Ocean circulation is critical in setting the distribution of ocean temperatures, sea ice, biological productivity and species distributions. Ocean circulation is poorly observed in coastal Nunatsiavut, a region undergoing significant ocean climate change in recent decades. Several projects (see right) will increase the density of scientific observations in the region, record and transfer traditional knowledge, and perform outreach and educational activities with community youth. The data arising from these projects will be useful to community and governments plans for marine management and climate change adaptation, as well as in the development of ocean models for the region which will provide our best estimates of future change in the region.
The region lies in the critical transition zone between the Atlantic and Arctic Oceans and adjacent to areas of deep convection in the Labrador Sea, which are important for global climate dynamics and biogeochemical cycling. The region is also home to the southernmost Inuit communities in the world in Nunatsiavut. A predictable marine environment is important for food security and the preservation of culture in Nunatsiavut. Yet this region has experienced significant climate change recently, including an air temperature rise of 2 degrees Celcius since 1993 and 75% loss of sea ice cover since 1969. Locals have recently reported an increasing number of incidents of people breaking through sea ice while travelling in winter. Changes are also occurring in marine ecosystems which have impacts on northern fisheries and harvesting practices. This has led to great uncertainty around the safety of traditional travel routes as well as the sustainability of traditional wintertime hunting and fishing activities.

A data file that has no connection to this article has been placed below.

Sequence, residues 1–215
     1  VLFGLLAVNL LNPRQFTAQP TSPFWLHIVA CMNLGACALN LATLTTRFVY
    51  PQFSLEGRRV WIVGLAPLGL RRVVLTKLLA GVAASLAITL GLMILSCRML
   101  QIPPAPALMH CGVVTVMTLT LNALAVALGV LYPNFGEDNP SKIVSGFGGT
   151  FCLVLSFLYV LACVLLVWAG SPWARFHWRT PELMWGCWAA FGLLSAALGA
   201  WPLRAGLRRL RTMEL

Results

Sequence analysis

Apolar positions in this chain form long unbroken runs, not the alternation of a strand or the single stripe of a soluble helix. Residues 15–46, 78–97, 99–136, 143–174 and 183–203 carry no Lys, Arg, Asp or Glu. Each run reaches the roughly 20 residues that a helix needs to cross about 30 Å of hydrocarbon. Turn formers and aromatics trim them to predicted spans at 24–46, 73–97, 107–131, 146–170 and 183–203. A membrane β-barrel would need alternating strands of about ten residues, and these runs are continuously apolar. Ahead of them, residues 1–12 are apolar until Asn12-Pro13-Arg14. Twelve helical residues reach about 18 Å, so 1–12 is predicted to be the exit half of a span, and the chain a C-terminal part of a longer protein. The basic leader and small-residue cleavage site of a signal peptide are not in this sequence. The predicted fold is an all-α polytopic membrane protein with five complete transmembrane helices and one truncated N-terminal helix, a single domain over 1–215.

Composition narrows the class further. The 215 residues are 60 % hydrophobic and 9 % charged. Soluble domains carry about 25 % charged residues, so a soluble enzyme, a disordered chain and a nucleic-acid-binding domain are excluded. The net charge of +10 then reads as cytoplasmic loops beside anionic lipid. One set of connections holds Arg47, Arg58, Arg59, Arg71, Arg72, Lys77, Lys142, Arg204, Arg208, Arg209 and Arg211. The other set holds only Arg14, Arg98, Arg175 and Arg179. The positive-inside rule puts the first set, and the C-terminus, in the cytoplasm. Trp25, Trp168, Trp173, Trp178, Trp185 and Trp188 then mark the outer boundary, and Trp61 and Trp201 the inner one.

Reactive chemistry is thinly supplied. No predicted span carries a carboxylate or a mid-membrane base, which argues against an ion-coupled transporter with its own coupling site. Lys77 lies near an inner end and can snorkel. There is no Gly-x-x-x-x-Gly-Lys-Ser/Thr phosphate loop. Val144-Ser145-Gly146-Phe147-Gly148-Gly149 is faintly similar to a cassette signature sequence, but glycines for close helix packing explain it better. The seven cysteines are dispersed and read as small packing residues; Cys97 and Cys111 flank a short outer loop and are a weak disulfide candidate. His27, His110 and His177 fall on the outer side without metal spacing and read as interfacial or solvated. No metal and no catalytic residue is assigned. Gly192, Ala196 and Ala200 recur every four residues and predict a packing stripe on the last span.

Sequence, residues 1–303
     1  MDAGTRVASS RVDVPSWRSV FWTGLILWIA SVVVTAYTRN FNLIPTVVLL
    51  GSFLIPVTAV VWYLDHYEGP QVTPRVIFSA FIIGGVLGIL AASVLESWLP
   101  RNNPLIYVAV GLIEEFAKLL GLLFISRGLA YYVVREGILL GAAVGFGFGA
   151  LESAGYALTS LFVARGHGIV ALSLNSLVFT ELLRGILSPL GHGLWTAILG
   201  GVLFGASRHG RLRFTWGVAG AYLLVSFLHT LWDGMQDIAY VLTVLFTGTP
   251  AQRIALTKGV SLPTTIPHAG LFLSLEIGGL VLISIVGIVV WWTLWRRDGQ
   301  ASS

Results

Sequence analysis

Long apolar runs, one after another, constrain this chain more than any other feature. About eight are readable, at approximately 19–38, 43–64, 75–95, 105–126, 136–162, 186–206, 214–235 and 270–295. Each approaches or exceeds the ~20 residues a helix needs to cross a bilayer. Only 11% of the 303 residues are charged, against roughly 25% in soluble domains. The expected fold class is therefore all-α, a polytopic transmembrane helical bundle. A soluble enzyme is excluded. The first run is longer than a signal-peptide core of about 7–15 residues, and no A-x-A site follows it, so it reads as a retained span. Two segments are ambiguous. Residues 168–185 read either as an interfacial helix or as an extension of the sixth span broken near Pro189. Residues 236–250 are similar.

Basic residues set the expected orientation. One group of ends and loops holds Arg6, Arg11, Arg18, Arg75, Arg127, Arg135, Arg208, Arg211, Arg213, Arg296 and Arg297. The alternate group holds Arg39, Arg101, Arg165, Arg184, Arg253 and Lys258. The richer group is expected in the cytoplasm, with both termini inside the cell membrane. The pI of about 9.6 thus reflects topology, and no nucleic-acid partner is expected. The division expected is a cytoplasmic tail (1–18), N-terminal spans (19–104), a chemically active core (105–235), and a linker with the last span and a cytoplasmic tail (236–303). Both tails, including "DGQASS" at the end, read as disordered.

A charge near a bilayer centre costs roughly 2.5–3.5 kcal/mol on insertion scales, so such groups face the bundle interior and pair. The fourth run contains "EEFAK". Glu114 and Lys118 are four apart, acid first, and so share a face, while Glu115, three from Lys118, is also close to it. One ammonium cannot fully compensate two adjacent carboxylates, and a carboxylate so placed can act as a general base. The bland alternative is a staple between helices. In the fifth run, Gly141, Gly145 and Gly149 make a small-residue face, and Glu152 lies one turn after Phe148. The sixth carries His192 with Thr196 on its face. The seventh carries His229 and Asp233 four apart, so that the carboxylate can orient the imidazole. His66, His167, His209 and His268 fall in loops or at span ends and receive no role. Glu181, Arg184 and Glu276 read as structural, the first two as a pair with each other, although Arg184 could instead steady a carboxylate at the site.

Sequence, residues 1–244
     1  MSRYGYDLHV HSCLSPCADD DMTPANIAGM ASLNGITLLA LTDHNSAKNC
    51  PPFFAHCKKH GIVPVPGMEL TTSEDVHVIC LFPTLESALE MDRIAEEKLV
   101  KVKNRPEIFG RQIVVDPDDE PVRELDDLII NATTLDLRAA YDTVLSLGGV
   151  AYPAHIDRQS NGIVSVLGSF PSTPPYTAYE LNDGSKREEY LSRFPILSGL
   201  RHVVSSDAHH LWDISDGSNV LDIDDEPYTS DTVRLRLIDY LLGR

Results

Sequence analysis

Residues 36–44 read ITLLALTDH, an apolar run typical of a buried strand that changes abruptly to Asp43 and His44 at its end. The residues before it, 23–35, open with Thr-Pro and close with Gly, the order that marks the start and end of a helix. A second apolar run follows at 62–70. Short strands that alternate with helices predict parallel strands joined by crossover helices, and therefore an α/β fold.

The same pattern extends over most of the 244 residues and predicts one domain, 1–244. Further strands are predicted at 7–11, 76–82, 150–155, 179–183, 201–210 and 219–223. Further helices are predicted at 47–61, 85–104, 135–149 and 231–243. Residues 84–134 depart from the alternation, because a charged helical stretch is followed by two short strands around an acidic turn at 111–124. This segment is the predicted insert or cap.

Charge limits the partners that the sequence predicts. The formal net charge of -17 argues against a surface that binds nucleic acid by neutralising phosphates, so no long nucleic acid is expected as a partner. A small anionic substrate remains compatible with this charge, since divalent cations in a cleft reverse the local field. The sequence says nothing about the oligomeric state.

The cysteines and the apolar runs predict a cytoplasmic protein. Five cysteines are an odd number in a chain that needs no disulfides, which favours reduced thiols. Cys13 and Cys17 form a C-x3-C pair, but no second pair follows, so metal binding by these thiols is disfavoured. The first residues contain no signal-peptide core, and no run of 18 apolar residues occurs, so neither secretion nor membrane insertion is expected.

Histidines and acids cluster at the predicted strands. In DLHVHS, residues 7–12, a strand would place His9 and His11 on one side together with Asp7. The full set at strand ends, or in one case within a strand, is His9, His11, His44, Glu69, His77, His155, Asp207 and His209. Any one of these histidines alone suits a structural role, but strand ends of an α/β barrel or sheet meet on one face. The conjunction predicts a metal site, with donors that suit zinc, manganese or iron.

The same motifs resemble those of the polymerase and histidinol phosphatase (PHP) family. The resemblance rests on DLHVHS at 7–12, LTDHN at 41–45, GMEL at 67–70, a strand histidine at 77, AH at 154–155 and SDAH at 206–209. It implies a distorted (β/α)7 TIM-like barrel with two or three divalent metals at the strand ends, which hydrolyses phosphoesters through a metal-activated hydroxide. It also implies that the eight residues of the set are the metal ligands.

This project will improve our knowledge of coastal ocean currents using ocean drifters. These drifters move with the near-surface ocean circulation and relay their position via satellite. Drifters will be built and deployed by community youth, as part of annual summer schools which will involve a science learning component, thereby educating and empowering local communities through direct involvement in collecting and using ocean observations. In addition, workshops will be held alongside the summer schools to record and transfer traditional knowledge of coastal ocean currents from community elders.
This project will establish regular oceanographic monitoring, through a Voluntary Observing Ship (VOS), along coastal Labrador, in northeastern Canada. The VOS will be based on the local ferry, which serves several communities along the coast and transits a range of environments including estuaries, arctic fjords, and open ocean coastline and shelf zones. This project will provide frequent measurements of ocean physics and chemistry along the regular ferry route with a weekly repeat cycle.
The proposed project will partner with communites in Nunatsiavut to perform regular observations of the coastal ocean in winter. During regular travel over sea ice, for hunting and fishing activities, opportunistic under-ice seawater sampling will be undertaken. Currently a pilot project is proposed which would be based in and around the Rigolet Inuit Community of Nunatsiavut, with observation locations focused in the Lake Melville and Groswater Bay area.
Meet the people involved
Assistant Professor, Oceanography, Dalhousie University
Nunatsiavut Beneficiary, roots in Rigolet
Research Assistant, Oceanography/Marine Affairs, Dalhousie University
Research Scientist, Bedford Institute of Oceanography
Associate Professor, Marine Affairs, Dalhousie University
Training Program Coordinator
Marine and Environmental Observation, Prediction and Response
Professor, Oceanography, Dalhousie University
Research Associate, Oceanography, Dalhousie University
Rigolet community member
Rigolet Community Shed Coordinator
Funders and Partners
Project lead: Eric Oliver
Give me a ring, send an email, or swing by for a cup of coffee.
Halifax, Nova Scotia